Guiding The Military’s Greatest Asset
Chaplain Neil Moquin, CAPT, USN
“Think about it…who gets to lead a prayer or offer the Eucharist on the deck of a ship? Or to do it from the back of a Humvee surrounded by tanks? Or to work closely with others who may disagree theologically?”
— Chaplain Neil Moquin, CAPT, USN
For well over two decades, Chaplain Neil Moquin’s primary responsibility has revolved around what he considers to be the military’s most valuable resource: its people.
“You’re with these folks, doing what they’re doing and, in doing that, not only do they love to share their skills, but you open doors where they begin talking about their issues,” Chaplain Moquin explains. “Then you can focus on what you’re there for…to provide counsel, hope, direction and healing.”
Born and raised in San Diego, he earned a BA in psychology from San Diego State University and a master of divinity degree from Nashotah (Wis.) House Theological Seminary. Ordained a priest in the Episcopal Church in 1980, he has served as a college chaplain and parish rector.
In 1988, he was commissioned in the Navy Reserve. During his 30-year Navy career, mostly on Active Duty, he has ministered to the needs of the Coast Guard, Marines and Navy personnel – from Hawaii to Texas to Washington, D.C., and beyond.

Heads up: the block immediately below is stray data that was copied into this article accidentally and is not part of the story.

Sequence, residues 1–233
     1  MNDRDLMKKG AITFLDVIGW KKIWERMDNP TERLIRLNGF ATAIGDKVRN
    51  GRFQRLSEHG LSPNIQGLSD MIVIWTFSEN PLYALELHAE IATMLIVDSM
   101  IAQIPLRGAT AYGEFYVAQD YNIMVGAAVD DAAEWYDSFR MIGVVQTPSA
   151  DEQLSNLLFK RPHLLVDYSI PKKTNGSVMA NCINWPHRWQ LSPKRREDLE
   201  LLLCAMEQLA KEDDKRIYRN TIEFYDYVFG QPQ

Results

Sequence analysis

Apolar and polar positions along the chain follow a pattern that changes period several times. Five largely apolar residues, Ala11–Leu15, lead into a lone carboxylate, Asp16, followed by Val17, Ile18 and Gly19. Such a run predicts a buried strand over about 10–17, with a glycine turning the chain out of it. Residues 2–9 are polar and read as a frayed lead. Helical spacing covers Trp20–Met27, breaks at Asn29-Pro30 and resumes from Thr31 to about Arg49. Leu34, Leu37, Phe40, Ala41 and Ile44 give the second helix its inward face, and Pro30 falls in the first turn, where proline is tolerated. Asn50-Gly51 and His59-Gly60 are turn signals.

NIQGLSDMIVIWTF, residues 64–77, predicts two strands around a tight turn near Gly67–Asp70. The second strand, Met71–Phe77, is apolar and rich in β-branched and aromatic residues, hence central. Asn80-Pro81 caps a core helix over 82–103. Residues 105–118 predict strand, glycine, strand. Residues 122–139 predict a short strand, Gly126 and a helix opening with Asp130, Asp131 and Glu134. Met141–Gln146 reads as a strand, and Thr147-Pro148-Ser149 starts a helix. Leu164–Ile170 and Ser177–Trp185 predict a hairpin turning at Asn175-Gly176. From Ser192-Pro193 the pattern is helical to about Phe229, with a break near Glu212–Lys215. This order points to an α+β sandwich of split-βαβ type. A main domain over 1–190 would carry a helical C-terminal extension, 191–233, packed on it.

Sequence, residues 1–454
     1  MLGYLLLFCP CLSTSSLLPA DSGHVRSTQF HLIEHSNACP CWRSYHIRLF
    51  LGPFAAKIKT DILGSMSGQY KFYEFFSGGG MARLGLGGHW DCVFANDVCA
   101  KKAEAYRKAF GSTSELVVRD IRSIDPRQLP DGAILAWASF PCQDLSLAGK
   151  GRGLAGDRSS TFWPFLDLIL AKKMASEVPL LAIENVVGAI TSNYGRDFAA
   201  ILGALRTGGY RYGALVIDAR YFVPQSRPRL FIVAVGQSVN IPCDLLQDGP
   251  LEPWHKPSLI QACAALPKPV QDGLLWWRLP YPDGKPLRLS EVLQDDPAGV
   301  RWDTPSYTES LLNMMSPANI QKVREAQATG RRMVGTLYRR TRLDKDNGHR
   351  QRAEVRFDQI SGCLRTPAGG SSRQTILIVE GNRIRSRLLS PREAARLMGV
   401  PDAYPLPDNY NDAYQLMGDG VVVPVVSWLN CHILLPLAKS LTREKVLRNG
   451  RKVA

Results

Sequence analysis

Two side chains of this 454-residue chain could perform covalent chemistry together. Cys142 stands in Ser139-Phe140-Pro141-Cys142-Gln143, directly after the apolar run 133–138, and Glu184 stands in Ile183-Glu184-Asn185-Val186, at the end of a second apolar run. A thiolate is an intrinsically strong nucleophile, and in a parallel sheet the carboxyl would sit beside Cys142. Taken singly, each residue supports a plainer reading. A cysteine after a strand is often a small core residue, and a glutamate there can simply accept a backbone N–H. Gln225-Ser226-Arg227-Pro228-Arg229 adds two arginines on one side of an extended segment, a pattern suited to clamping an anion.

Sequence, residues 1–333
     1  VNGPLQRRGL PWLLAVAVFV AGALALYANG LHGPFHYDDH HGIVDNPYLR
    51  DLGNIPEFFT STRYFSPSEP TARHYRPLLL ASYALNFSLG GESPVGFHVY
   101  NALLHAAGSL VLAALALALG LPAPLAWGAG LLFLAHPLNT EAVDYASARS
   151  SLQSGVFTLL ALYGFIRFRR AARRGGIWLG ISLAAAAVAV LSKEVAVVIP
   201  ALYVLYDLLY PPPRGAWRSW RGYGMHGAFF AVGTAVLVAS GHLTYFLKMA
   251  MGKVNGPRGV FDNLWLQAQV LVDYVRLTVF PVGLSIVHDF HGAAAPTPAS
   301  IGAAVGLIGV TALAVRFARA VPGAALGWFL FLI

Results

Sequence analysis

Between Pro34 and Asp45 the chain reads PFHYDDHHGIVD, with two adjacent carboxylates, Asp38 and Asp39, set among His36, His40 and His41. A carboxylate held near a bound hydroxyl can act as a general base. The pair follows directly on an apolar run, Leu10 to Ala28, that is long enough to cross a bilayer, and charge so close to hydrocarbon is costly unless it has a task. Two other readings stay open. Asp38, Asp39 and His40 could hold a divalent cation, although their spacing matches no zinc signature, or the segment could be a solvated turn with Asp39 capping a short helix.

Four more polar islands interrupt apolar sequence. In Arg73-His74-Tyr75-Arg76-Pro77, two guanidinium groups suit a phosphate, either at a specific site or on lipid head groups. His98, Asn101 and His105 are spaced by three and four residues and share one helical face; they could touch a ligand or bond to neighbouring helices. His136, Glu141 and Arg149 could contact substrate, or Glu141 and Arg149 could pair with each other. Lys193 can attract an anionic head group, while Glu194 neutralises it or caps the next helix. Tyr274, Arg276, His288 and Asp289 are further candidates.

“From a command perspective, it’s all about making sure that this greatest asset the military has, its people, are full up, round and ready to go. That includes their spiritual and emotional resilience,” says Chaplain Moquin, who has also served as Bishop’s representative for Armed Forces Ministry and at Coast Guard Headquarters in Washington, D.C.
Besides opening ecumenical doors, he’s found the Navy’s extensive training and valuable connections to be applicable in parish ministry. Experiences in the Navy have helped him relate to parishioners better. “I was telling my people to go out and share their faith and bring people in. In the military, I was working in a secular world the same way my parishioners were. So I could relate to them much better and experience the challenges they were facing.”
He also adds, “My congregation understood fully the benefit to them. I was able to bring leadership skills…things I learned in the military that you don’t learn in seminary. Plus resources, not only from military programs, but through relationships with other Chaplains.”
Prior to retirement from active parish ministry in August 2010, Chaplain Moquin served as Deputy Pacific Fleet Chaplain and Deputy Pacific Command Chaplain in Pearl Harbor, Hawaii. Since December 2010, he has served as 4th Marine Division Chaplain in New Orleans.
Besides leading 30 Religious Ministry Teams, he is responsible for the Covert Operational Stress Program, which provides stress training to Marines before, during and after deployment and demobilization.
A Source Of Spiritual Stability
“I’m amazed at the degree of responsibility that some of these young men and women are given and at what they can handle.
Chaplains…I think they bring a sense of stability within that particular environment, often by simply being there and being an ear.
Once a rapport is established, you almost feel like a parent figure, a big brother or a big sister, someone who can be relied upon outside of the chain of command in order to bounce some of their issues off.”
— Chaplain Neil Moquin, CAPT, USN